Sovereignty has two different pre-eminent Constitutional aspects- its location and its nature. Where in a country like India, the sovereignty is located in the people, the laws made by the parliament are subject to judicial review. But, in a country like England where the sovereignty by its nature is vested in the parliament, the Courts are powerless to scrutinize the laws made by it because the parliament is itself represented by the people, thus the laws made by it can be treated as the ‘verdict of people’. The sovereignty of a country can be both Unitary and Federal because there are distributions of legislative and executive powers between the Union and State, but these powers are subject to the Constitutional provisions or boundaries conflicts of which to be decided by the Courts in the exercise of the powers of judicial review. In the landmark case- Union of India vs. Sukumar Sengupta[14], the Supreme Court examined that—“Sovereignty is a quality of right. It depends on the facts and the circumstances of each case. In the present and modern context sovereignty has and must have a more restrictive meaning than it had in the earlier centuries when on the emergency of individual national States, no limits on the power of States were acknowledged. The complexities of modern developed societies need amicable and peaceful settlement of boundary disputes which are in the interests of the international community. The older and absolute ideas of sovereignty and independence have thus necessarily to be modified in the dawn of the 21st century”.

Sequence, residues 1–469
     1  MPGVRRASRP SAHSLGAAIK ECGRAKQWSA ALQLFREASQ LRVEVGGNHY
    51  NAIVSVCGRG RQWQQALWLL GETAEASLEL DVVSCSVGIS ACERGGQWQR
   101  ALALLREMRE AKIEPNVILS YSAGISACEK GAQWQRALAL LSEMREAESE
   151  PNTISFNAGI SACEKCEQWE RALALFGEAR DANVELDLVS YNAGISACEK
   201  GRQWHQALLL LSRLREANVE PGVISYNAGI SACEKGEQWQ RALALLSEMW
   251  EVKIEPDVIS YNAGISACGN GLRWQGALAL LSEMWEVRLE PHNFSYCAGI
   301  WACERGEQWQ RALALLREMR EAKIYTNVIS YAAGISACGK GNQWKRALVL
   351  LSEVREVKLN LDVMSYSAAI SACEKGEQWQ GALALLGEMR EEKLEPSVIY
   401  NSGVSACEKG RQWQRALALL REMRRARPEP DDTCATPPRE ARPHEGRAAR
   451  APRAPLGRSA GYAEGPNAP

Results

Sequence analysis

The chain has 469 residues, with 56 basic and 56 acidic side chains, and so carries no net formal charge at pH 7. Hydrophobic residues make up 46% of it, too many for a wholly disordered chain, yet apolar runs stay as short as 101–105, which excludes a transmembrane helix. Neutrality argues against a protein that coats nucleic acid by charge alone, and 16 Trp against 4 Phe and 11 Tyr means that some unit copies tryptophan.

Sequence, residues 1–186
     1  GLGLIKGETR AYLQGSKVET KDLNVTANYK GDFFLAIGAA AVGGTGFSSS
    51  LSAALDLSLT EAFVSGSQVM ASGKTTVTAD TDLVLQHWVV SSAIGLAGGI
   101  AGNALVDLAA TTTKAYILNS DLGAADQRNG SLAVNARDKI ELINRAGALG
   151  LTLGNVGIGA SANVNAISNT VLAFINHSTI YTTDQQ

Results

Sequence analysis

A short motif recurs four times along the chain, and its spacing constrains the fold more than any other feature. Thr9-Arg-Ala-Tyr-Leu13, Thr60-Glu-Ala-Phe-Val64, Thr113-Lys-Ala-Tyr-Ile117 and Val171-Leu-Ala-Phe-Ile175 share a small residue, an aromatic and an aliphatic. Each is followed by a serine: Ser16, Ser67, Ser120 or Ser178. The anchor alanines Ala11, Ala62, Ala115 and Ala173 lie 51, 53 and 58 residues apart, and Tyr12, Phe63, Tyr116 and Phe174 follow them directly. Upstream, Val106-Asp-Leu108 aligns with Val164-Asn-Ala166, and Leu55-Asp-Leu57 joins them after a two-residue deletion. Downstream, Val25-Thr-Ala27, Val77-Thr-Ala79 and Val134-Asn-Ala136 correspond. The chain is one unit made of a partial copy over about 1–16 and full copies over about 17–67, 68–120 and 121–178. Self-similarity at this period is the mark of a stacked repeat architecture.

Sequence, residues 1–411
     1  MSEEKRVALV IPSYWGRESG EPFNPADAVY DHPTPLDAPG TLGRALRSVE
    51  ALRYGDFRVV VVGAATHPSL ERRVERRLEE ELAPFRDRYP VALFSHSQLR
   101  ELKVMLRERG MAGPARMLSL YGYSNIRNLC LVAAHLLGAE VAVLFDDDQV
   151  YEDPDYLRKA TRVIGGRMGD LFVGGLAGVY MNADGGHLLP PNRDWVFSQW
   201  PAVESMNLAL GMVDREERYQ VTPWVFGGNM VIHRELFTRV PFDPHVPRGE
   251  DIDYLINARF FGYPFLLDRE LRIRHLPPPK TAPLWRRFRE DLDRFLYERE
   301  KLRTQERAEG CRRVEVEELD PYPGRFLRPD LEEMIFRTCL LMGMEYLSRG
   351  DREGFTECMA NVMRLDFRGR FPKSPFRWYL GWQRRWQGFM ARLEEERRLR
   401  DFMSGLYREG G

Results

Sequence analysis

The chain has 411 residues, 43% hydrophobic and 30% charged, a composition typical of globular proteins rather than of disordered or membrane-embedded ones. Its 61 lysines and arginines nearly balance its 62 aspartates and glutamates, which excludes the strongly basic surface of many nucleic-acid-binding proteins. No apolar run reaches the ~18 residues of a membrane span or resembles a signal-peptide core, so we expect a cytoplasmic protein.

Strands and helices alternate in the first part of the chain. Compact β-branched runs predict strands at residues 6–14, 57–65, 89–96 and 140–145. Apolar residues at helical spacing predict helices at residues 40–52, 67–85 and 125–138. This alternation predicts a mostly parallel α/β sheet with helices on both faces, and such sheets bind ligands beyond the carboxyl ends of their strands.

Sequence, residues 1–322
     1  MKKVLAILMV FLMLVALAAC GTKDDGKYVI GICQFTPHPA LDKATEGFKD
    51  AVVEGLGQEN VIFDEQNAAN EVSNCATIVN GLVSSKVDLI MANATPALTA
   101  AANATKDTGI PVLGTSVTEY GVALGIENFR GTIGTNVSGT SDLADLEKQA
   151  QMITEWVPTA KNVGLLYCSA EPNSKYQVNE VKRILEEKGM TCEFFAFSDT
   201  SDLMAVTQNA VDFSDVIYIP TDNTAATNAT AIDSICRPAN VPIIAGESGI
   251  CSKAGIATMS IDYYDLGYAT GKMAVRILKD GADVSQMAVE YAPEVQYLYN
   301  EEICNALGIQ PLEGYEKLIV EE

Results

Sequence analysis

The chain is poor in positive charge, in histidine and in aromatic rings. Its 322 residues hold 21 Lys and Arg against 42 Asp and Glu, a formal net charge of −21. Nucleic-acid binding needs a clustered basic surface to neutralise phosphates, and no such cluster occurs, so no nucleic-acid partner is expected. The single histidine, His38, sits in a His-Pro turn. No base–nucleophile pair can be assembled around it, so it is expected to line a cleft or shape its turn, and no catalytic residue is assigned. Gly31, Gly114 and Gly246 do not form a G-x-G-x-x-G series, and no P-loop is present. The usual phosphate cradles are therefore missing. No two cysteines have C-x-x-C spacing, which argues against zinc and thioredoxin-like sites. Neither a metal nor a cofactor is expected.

In another notable case- Synthetics and Chemicals Ltd vs. State of UP [15], it was decided that— “It is the exercise of sovereign power which gives the State sufficient authority to enact any law subject to the limitations of the Constitution to discharge its functions. The sovereign power is plenary and inherent in every sovereign State to do all things which promote the health, peace, morals, education, and good order of the people. This power of sovereignty is, however, subject to Constitutional limitations.”